Chiefs quarterback Alex Smith is expected to be available to play this week against the New York Jets after sustaining a sprained right shoulder in Sunday’s victory over St. Louis.
The injury occurred at the end of the first half when Smith was sacked on the last two offensive plays of the first half by the Rams’ Robert Quinn.
“He was able to go through the game, and it worked out okay,” Chiefs coach Andy Reid said on Monday. “He’s a bit sore (on Monday). It’s more of a bruise than anything. He’s tender, but he’s upbeat about it. We did all the precautionary things looking at it. We just need a little time to get the soreness out of there.”
Smith completed 24 of 28 passes for 226 yards in the game, setting a franchise record with a completion percentage of 85.71 percent. Smith has not missed a snap due to injury since he joined the Chiefs in 2013.
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Reid said cornerback Jamell Fleming and backup linebacker Josh Martin suffered hamstring strains against St. Louis. Cornerback Chris Owens is “making progress” with a knee sprain while wide receiver Donnie Avery is still recovering from sports hernia surgery, and safety Eric Berry, who has missed five games with an ankle sprain, “is feeling good.”
Though the Chiefs have played most of the season without Pro Bowl linebacker Derrick Johnson and Pro Bowl safety Eric Berry as well as defensive end Mike DeVito, they are ranked No. 3 in the NFL in overall defense, No. 1 in pass defense and No. 3 in points allowed.
The Chiefs are allowing just 18.0 points per game, and just 15.6 points per game in their last five games. They have yet to allow a 300-yard passing game or a rushing touchdown.
The Chiefs have counted on young players in the secondary such as safety Ron Parker, cornerback Jamell Fleming and rookie Phillip Gaines during the past few weeks, and that has made the No. 1 ranking in pass defense even more gratifying to coach Andy Reid.
“From the standpoint that we’re young, you’re never sure about exactly what that growth pattern is going to be,” said Reid. “First of all, is it going to take place, and how fast it will come about.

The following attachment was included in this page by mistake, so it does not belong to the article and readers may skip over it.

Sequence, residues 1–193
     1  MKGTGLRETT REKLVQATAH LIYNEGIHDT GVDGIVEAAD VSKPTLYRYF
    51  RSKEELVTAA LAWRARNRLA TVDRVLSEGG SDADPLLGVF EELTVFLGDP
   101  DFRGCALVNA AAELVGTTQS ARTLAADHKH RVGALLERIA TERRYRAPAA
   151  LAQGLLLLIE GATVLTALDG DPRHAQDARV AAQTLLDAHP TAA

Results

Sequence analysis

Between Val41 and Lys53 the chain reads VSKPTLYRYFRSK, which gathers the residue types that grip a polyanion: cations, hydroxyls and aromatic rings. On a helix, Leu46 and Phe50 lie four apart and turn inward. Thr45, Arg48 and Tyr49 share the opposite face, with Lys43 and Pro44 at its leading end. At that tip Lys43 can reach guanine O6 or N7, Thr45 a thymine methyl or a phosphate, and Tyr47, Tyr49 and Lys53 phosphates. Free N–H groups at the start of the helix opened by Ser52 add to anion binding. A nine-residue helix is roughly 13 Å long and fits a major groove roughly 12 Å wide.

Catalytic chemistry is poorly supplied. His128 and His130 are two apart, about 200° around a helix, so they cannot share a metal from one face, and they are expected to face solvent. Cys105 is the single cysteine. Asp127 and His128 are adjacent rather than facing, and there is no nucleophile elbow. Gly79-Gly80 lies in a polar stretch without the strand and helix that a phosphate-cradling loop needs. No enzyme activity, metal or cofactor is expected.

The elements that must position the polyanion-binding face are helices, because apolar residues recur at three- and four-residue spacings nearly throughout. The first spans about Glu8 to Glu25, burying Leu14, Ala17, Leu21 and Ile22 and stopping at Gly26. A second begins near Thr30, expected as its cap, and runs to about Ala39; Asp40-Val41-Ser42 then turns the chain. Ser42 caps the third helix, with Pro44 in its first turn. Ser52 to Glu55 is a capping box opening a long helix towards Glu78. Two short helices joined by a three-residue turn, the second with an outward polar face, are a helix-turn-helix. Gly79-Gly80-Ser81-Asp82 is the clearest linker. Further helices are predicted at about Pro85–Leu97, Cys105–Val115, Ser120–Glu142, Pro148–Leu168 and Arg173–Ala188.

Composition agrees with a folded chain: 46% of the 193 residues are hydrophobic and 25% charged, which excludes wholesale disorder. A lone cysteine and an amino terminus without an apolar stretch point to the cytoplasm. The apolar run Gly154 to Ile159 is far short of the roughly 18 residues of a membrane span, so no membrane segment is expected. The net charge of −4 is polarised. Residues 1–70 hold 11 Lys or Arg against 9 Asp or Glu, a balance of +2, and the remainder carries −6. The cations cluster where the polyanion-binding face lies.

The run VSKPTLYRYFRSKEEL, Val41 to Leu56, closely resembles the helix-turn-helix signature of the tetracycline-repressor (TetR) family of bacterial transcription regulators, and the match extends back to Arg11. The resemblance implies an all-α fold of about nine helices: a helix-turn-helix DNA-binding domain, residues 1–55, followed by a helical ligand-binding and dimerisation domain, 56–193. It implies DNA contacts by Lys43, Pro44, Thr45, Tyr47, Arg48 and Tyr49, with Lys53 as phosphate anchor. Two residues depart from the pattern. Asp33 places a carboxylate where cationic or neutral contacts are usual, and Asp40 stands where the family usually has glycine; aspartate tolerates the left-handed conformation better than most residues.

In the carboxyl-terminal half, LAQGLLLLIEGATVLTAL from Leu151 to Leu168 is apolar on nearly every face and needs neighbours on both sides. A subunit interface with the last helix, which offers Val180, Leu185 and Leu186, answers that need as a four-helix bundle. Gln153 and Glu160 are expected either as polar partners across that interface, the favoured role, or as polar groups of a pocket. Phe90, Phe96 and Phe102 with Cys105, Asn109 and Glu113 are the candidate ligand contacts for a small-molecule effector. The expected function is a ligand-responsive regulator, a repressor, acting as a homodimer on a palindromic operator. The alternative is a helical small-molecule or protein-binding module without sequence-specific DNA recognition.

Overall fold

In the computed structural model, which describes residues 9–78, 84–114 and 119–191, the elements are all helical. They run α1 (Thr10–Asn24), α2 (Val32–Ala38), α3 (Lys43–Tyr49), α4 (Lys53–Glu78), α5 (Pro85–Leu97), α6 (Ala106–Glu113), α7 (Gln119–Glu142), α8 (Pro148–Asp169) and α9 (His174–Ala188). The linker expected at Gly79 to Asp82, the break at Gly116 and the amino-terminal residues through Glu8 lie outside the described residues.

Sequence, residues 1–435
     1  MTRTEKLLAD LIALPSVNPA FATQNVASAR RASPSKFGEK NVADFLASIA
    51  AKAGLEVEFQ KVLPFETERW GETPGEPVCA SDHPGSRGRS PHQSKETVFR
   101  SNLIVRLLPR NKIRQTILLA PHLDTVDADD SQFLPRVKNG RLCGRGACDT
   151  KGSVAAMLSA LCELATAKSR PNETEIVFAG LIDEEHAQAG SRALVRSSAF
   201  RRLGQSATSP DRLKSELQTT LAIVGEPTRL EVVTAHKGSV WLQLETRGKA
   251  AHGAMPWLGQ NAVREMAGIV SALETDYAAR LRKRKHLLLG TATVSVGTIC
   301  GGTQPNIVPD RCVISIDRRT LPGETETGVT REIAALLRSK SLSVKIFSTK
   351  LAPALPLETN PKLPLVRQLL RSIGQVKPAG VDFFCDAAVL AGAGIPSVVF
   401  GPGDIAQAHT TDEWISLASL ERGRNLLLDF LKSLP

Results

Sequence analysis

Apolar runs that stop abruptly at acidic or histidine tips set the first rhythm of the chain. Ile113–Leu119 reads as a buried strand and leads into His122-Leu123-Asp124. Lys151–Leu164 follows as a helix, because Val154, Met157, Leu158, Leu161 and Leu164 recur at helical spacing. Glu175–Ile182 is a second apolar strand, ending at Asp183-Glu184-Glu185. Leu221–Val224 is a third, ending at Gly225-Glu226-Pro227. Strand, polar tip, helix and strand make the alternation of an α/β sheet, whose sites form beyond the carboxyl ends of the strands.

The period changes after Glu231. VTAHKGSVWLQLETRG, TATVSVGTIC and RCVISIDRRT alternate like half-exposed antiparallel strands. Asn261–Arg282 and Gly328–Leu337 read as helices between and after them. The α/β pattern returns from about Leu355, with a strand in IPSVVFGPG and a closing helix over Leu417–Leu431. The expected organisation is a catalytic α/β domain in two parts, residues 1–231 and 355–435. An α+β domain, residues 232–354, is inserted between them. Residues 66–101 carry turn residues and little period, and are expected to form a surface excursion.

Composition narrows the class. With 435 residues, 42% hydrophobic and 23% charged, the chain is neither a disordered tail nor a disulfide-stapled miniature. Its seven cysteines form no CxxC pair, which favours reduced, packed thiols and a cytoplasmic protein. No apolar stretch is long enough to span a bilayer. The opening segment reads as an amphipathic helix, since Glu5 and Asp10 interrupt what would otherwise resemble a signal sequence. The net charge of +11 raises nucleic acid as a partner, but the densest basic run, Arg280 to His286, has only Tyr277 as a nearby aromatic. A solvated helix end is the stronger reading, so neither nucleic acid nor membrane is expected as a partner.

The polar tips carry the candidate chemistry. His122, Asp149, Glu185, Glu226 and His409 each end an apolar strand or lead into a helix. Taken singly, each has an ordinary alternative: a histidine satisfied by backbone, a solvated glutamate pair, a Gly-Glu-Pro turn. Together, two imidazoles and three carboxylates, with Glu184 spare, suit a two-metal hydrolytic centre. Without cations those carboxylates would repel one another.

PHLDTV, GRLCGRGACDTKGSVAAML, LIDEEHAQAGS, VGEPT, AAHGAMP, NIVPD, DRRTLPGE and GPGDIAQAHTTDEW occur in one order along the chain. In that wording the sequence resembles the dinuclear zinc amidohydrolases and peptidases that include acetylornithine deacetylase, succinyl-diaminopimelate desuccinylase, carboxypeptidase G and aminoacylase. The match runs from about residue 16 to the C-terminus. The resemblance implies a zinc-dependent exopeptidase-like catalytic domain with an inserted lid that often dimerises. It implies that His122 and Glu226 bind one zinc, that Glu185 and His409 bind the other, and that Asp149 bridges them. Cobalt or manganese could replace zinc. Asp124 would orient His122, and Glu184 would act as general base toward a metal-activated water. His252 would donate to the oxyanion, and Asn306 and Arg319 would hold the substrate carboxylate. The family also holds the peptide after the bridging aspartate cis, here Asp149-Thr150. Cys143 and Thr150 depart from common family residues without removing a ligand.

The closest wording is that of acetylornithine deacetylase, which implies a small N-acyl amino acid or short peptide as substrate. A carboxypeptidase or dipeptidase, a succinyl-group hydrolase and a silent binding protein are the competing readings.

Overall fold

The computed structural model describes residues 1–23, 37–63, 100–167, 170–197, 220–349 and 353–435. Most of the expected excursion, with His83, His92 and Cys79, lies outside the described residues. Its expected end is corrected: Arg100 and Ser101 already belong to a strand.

“I’m pleasantly pleased with that. As a coach, you always have expectations, and I still think they have room to grow. But I had high expectations … to take these top pass offenses and compete against them.”
Most impressively, the defensive improvement has come against a gauntlet of a schedule that included road games against Denver’s Peyton Manning, San Francisco’s Colin Kaepernick and San Diego’s Philip Rivers and a home game against New England’s Tom Brady.
“That makes you better and is going to make you play at the top of your game,” Reid said. “They’re going to challenge you every which way. This is a game of matchups. They’re going to match their guy on you, and you’ve got to be able to stand up and meet that challenge. And these guys have done that.”
The deferring difference
In all seven games of the Chiefs’ games this season, the team that won the coin toss has deferred until the second half, including the Chiefs on Sunday against the Rams.
In the four games the Chiefs won the toss, here’s how they opened the second half: a fumble at Miami; a missed field goal at Denver; a field goal that drew them to within 14-13 at San Diego; and a 99-yard kickoff return by Knile Davis against St. Louis.
“I don’t know if it’s an advantage,” said Reid. “You can go either way. Stats have shown that by a small margin it’s better to defer. One of the positives is you have an opportunity to evaluate what the defense is doing and how they’re trying to defend you as an offense for a half, and you get to come out and make those adjustments.”
Trade deadline approaches
The NFL trade deadline is at 3 p.m. today, but Reid said at mid-day he hadn’t heard from general manager John Dorsey if any deals were brewing.
“I know they’re pounding it,” said Reid of the personnel department. “Dorse stays on that like a wild man. Around these times, they’re in lock-down mode.”
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